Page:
"Since the principle of ‘contraction and convergence’ was first proposed by the Global Commons Institute in 2000, it has been widely embraced by some industrialised countries. Under contraction and convergence, each country will start out with emission entitlements equal to its current real emissions levels, and then, over time, converge to equal its per capita entitlements, while the overall global budget contracts to accommodate the emissions reduction objective. The convergence principle should be applied immediately rather than later as the ‘converged point’ in the future. ‘Real emissions’ is a different concept to ‘emissions entitlement’. A country’s high/low per capita real emissions cannot justify its high/low emission entitlements. In the process of convergence, the rights and interests of country B are really infringed by country A. In the NEA-based solution, the concept of convergence can still be incorporated, but it now merely means ‘convergence of real emissions’ rather than ‘convergence of emission entitlements’. Each country’s gaps between its emission entitlements and real emissions need to be balanced by the traded emissions quotas."
Greenhouse gas emissions reduction - a theoretical framework and global solution [Chapter 17]
Development Research Centre of the State Council People’s Republic of China 2009
Full Document Here
The China Economy and Business Program gratefully cknowledged the
financial support for the China Update 2009 from The Australian Agency
for International Development (AusAID), and the assistance provided by
Rio Tinto through the Rio Tinto – ANU China Partnership.
China’s New Place in a World in Crisis
This publication presents a very clear proposal for achieving a safe level of ghg's (450 ppm) in the atmosphere according to the principle of equity. It recognizes the need for a global emissions limit, distributed in the form of national tradable emissions entitlements on a per capita basis.
It recognizes that both developed and developing countries must participate, with immediate convergence of entitlements within the global limit, as distinct from convergence of real emissions.
This proposal is well on the way to UNFCCC compliance within a C&C framework. The authors believe it would be a suitable successor to Kyoto. They suggest that their proposal satisfies the requirement to recognize 'common but differentiated responsibilities’.
17. Greenhouse gas emissions reduction
A theoretical framework and global solution
(This chapter is an outcome of the Development Research Centre project 'Fighting Against Global Climate Change')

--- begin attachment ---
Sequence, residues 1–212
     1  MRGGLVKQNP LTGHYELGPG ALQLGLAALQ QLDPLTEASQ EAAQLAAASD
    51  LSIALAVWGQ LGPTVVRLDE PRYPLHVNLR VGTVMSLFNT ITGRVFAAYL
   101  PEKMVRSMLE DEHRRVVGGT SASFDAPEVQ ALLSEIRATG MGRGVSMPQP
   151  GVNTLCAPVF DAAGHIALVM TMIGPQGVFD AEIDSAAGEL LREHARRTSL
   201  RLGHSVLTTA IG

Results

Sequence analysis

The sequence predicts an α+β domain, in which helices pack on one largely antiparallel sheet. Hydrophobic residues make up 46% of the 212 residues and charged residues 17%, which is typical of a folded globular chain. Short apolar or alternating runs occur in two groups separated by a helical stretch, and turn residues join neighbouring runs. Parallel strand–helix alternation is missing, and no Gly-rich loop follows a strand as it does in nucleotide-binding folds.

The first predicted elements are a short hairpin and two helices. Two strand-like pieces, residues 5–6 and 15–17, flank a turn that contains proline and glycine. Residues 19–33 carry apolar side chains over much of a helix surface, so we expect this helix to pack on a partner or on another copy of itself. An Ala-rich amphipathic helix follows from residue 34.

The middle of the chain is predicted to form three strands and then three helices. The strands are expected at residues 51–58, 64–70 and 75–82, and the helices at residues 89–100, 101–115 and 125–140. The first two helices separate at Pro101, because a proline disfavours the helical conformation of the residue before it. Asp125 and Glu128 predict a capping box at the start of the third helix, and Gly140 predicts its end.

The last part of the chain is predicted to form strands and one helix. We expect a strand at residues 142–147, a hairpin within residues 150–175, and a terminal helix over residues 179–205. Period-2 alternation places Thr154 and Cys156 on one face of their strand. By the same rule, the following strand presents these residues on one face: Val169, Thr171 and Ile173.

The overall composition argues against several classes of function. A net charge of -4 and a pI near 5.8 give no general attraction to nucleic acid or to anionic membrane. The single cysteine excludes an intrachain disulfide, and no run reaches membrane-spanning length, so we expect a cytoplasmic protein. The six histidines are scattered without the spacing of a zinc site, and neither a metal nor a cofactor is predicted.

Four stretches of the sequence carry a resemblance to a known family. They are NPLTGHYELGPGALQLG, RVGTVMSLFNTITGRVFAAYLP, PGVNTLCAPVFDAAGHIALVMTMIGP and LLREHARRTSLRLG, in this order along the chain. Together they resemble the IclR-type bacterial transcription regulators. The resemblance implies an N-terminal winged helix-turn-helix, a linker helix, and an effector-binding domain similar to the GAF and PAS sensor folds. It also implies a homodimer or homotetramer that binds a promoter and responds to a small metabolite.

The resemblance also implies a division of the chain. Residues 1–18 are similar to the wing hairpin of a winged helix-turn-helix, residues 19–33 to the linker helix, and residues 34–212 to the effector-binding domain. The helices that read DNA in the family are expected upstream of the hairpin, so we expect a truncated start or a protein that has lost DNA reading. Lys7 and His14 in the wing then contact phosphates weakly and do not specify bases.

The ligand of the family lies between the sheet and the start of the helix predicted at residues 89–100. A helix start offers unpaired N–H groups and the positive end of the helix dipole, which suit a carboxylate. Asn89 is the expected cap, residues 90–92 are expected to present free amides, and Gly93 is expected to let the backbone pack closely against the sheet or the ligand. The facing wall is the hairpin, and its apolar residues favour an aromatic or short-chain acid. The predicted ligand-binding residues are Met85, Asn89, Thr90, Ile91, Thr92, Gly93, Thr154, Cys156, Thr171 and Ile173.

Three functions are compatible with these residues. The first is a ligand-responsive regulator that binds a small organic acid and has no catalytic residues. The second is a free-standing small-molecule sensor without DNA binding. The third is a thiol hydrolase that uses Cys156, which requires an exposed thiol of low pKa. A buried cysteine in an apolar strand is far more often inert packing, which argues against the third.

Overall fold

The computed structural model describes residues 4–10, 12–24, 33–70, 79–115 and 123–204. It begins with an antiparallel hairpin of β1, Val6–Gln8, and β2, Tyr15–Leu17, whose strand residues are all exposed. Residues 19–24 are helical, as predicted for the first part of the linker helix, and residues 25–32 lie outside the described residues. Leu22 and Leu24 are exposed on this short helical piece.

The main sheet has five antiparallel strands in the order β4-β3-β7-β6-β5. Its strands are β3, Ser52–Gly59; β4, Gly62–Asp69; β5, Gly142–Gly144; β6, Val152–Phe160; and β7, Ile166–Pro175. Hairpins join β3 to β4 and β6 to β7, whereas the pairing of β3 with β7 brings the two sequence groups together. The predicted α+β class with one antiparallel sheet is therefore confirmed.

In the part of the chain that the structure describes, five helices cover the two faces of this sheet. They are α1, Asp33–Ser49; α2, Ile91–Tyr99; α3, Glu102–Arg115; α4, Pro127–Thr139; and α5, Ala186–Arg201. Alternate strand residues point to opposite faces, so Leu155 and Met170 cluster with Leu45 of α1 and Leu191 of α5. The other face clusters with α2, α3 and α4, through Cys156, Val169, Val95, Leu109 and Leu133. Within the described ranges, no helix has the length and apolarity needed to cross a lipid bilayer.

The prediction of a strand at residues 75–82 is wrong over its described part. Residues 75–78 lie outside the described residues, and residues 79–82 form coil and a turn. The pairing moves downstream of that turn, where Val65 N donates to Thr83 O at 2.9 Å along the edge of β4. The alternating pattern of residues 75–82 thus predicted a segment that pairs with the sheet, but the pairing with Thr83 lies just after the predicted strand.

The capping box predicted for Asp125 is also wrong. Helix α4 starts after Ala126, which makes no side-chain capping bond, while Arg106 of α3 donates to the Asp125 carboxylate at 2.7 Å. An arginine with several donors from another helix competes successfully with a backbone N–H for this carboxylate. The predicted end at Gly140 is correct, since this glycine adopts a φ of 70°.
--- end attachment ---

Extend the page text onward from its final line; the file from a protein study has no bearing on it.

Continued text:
"Most scientists agree that global greenhouse gases must be limited in the range of 450 parts per million (PPM) of carbon dioxide equivalent (CO2-e), otherwise the consequences will be disastrous (Metz et al. 2007; Stern 2007; Garnaut 2008). How to get all countries to take coordinated action to lower their emissions is, however, a great challenge. The key is to provide incentives for each country to lower its emissions through clearly defining and enforcing each country’s emission entitlements."
"If, however, the emission entitlements of all countries could be clearly defined then a country reducing its emissions could ‘claim’ the benefits through the market; its emission quotas for sale would increase or the amount needing to be purchased would decrease. Hence, the core of the global emissions reduction problem is really one of how to define or allocate each country’s emissions entitlements."
"How do we define the initial emissions entitlement of each country? The atmosphere is a typical public resource and, in most cases, Earth’s public resources have been ‘allocated’ on a first-serve principle or have even been obtained through war. Moreover, redefining the distorted historical emissions makes things more complicated. We need therefore to find a fair, objective and simple principle to define or allocate the initial emission entitlements for each country."
"The future global emission amounts during T1–T2 must be scientifically set and then the emissions quotas allocated among all countries according to the per capita principle. Each country’s new emissions quotas during T1–T2, plus the NEA balance during T0–T1 are its total emissions caps by T2. Since emissions quotas can be traded and emission costs will eventually be reflected in the price of traded goods, embedded emissions are no longer a particular problem when we measure each county’s real emissions."
Second, the vague ‘common but differentiated responsibilities’ are clearly defined in the proposal.
"The problem of convergence is that now that it recognizes the per capita principle as a fair principle in the allocation of emission entitlements, the principle should be applied from T0, rather than as late as the ‘converged point’ in the future (T2). ‘Real emissions’ is a different concept to ‘emissions entitlement’. A country’s high/low per capita real emissions cannot justify its high/low emission entitlements. In the process of convergence, the rights and interests of country B are really infringed by country A. In the NEA-based solution, the concept of convergence can still be incorporated, but it now merely means ‘convergence of real emissions’ rather than ‘convergence of emission entitlements’. Each country’s gaps between its emission entitlements and real emissions need to be balanced by the traded emissions quotas."